Sometimes lying does pay off, and in the peculiar case of Juan Paniagua, he stands to collect a fortune.
Two years ago Paniagua called himself Juan Collado and the 17-year-old pitcher impressed the Arizona Diamondbacks enough with his fastball, clocked in the upper 80s, that the team signed him for a $17,000 bonus.
Paniagua pitched parts of two seasons for the Diamondbacks’ Dominican Summer League team, but last summer an investigation by Major League Baseball uncovered the identity fraud and Paniagua’s contract was voided, he was forced to serve a one-year suspension, and the Diamondbacks lost the rights to their prospect. He then trained at an independent academy in the Dominican Republic where his velocity improved into the 90s. Recently, when his suspension ended, the New York Yankees signed the budding star for $1.1 million.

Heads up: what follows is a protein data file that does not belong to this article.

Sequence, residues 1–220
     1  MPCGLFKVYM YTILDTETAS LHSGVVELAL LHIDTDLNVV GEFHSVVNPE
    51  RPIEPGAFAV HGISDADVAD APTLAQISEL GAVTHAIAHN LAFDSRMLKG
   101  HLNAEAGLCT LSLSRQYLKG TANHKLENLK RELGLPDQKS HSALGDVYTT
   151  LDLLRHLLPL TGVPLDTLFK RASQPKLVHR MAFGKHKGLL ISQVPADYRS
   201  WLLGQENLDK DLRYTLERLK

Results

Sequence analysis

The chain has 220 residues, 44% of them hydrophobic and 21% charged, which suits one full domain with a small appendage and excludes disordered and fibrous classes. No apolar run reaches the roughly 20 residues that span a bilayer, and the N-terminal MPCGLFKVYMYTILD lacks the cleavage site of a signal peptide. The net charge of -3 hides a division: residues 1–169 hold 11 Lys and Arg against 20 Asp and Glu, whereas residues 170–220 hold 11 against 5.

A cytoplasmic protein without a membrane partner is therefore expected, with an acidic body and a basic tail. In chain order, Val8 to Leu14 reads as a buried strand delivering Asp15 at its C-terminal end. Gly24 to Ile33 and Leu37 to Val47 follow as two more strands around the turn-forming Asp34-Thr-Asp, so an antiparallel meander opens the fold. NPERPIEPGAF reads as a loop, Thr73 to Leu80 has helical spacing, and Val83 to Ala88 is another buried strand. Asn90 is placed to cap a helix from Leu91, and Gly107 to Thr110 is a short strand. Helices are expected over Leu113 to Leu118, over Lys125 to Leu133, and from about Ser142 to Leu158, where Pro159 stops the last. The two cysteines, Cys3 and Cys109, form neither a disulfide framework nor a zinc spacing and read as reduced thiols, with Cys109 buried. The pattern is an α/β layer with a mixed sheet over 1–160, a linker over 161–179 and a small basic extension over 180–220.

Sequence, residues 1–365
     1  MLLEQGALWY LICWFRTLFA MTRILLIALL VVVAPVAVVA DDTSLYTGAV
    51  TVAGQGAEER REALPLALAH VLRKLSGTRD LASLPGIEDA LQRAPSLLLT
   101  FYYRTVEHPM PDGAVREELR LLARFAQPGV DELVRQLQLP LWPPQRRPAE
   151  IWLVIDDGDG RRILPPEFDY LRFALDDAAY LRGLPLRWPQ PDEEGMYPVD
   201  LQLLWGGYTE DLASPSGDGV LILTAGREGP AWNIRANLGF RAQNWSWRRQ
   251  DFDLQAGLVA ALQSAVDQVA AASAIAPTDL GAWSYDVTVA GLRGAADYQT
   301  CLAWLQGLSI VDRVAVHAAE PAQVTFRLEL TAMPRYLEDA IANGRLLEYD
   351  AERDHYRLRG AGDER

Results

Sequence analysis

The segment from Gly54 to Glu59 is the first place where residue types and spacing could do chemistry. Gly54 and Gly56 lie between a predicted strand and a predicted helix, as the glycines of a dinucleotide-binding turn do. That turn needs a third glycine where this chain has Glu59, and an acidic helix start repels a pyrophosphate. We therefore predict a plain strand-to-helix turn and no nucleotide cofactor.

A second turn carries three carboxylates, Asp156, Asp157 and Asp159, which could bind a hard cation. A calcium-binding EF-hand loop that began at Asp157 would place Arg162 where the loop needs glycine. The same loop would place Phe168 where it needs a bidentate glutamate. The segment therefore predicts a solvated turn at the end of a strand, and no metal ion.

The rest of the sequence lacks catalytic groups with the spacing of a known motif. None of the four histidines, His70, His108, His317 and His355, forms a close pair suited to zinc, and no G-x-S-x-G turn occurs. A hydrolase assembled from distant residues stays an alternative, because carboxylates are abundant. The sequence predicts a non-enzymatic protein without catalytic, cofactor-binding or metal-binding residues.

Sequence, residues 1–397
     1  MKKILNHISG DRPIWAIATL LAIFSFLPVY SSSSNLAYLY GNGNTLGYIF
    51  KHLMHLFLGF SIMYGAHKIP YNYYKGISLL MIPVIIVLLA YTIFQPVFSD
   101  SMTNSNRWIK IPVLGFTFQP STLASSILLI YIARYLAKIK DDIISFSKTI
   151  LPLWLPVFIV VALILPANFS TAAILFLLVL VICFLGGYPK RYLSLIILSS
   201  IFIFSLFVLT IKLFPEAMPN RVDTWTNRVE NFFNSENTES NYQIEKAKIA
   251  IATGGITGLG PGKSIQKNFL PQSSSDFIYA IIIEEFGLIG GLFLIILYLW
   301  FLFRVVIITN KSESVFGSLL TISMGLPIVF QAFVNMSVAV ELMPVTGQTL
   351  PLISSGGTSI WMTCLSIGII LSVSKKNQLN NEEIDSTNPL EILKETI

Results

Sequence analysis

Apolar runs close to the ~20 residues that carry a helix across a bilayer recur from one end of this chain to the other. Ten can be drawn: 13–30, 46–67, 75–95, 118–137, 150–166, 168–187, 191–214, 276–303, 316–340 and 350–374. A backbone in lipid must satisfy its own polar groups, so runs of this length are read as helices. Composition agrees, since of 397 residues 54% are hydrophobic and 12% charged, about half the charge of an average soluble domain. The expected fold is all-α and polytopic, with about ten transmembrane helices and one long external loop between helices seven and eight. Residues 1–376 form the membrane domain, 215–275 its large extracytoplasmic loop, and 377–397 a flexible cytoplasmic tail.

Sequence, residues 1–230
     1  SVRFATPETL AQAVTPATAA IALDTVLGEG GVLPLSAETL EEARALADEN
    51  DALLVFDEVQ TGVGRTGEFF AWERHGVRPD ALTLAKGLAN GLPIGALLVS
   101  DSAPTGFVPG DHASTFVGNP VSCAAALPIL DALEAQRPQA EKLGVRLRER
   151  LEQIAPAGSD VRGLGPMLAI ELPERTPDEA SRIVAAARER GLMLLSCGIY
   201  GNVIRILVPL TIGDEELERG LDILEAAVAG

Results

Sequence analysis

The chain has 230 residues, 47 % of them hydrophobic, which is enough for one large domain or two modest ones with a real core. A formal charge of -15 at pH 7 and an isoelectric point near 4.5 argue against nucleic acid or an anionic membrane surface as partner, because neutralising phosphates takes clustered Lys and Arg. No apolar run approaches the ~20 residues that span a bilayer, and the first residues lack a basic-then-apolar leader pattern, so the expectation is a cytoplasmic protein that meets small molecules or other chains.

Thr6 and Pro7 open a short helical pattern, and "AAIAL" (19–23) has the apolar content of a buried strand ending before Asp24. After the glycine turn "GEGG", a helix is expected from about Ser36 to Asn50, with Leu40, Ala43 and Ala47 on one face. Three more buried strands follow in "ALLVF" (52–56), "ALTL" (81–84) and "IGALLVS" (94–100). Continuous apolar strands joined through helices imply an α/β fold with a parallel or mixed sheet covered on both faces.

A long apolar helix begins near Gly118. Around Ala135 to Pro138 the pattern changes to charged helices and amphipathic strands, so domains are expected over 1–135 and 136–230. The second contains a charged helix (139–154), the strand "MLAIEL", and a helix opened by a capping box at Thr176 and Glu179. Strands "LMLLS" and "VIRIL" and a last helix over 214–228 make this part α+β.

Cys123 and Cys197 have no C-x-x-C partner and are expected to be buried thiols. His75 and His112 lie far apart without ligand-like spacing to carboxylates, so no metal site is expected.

“It’s like a soap opera,” said Jerry Dipoto, the Diamondbacks senior vice president of scouting and player development. “We lost out on a player we liked because the system allows it.” Many are now questioning how a player can actually benefit from a fib. The odd thing is that it remains unclear why Paniagua lied about his name, but not his age; his birthday – April 4 – never changed, and hiding age is the main reason Dominican prospects change their identity.
Hopefully, baseball will take steps to close this loophole and prevent a player – and a team – from benefitting from deceit. With age and identity fraud already a major issue in the Dominican Republic, I can see someone pulling a Paniagua and deliberately lying about their age and/or identity, hoping to be discovered (or revealing the truth) later in order to sign a more lucrative contract.
Think it won’t happen? When I was on a trip to the Dominican Republic in 2000 to inspect several academies, I was approached by a man whose son had been signed by a team and was a rapidly developing prospect. The man said his son had lied about his age and was only 15 when signed, and now he wanted the deal voided so a better deal could be cut with another team.
Paniagua’s deal still needs to be rubber stamped by the commissioner’s office; under new rules he cannot play in any games until the deal is approved.